My twenty-year-old self’s allegiance to Thessaloniki – a city of poets and philosophers, with a rich, multicultural past that was devoured by the nation state – had little to do with the imagined community of its citizens. In the mid-1980s a neoliberal world order was looming over Greece, and many families (including my own) would soon feel new economic hardship in their bones. In our eagerness to create our own present, distinct from life as our forebears knew it, young people of my generation weren’t directly or consciously concerned with these anxieties. My own allegiance was aligned with those who listened to Einstürzende Neubauten and Australian singer Nick Cave; who watched Jarmusch’s Stranger than Paradise, Żuławski’s L’amour braque, and the full oeuvres of New German Cinema directors like Wim Wenders and Rainer Werner Fassbinder; and those who read Makris’ manifesto and Duras’ L’amant [11] and La maladie de la mort [19]. Our universe comprised a precarious map connecting distant points on Earth and creating flights of desire and transcendence. We experienced this expansive but fragile present in our every-night life, as our experiences sought locales and temporalities that the city had left briefly unattended, available for us to appropriate in our fugitive pursuits that left almost no marks for daytime inhabitants.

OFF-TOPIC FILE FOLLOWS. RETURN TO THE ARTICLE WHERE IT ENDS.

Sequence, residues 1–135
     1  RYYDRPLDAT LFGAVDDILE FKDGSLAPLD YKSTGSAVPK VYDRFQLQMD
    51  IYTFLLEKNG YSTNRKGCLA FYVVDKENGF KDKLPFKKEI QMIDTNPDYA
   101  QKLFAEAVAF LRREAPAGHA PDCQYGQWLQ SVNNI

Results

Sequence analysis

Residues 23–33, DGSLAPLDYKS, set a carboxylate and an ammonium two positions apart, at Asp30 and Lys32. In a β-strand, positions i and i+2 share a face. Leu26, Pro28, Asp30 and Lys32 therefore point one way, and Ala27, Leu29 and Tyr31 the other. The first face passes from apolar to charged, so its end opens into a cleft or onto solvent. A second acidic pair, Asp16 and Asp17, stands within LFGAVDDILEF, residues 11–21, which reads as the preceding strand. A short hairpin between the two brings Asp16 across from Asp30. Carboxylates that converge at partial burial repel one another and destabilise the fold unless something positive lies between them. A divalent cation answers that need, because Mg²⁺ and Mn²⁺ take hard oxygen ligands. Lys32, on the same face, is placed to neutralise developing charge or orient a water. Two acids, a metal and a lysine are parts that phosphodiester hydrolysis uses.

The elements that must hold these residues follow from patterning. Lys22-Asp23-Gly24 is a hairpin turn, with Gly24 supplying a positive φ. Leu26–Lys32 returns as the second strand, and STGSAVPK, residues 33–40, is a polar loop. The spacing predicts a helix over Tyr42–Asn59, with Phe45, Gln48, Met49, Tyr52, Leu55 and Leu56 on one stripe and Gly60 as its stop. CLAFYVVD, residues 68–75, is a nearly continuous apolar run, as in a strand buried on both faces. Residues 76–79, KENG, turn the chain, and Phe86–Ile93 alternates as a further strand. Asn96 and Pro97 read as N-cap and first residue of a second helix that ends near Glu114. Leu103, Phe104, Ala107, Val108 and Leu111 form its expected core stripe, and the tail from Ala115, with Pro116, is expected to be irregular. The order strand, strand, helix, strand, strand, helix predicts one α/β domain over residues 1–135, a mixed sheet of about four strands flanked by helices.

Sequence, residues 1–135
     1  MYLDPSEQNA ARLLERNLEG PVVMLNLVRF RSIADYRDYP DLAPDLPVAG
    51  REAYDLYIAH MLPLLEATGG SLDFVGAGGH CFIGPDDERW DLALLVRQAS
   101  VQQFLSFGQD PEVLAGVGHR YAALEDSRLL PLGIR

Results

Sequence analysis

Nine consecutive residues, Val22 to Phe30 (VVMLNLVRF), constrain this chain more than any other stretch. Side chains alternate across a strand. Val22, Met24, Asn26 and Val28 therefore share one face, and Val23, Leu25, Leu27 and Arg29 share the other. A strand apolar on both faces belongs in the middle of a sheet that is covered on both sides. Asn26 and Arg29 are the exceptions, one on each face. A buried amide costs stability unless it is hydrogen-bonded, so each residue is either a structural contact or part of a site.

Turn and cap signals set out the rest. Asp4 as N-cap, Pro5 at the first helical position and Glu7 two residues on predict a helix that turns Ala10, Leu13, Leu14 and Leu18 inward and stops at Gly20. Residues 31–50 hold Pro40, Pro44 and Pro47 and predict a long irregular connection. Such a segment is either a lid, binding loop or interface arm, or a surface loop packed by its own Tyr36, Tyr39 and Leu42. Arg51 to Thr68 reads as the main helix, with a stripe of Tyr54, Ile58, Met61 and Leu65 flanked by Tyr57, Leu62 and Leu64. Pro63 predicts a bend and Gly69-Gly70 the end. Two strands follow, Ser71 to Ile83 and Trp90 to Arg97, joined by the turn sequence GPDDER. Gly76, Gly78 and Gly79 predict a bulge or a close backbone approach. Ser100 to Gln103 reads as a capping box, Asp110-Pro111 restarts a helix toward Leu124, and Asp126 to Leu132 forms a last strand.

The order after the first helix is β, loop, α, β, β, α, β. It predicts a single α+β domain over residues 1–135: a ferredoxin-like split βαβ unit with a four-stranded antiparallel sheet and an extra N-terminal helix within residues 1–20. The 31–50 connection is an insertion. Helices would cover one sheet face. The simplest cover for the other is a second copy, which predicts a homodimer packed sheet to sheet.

As Jose Esteban Muñoz suggests about his own punk culture of 1980s Miami, we were living a ‘desire, indeed the demand, at the heart of punk, for “something else” that is not the present time or place’ – in other words, a ‘demand … for a dystopia that functions like the utopian’, an ongoing longing to actualize a collectivity ‘that was desirous of thinking of itself in relation to a larger collective’ [20: p. 99]. The originary collective was far away, both an imagined and an unimaginably distant community, echoing from garages, nightclubs, and back alleys in lands that we never thought we would visit. But in the world of my design, we would do more than just contemplate or consume; we would make these imaginaries our own, molding them through our dreamworlds into distinct creative endeavours. Therefore, the first thing one encounters upon entering the ‘Constellation’ through a cracked door, as if from backstage, is a gigantic screen where we would begin by immersing ourselves in that imaginary, establishing a larger kinship and an ‘other place’. That elsewhere, neither fully here nor there, neither fully present nor future, was the aim of that prefiguration – and thus the ‘Constellation’ of this 1986 photograph is not bound to Thessaloniki, but standing upright and solo, ready to launch toward this ‘other place’.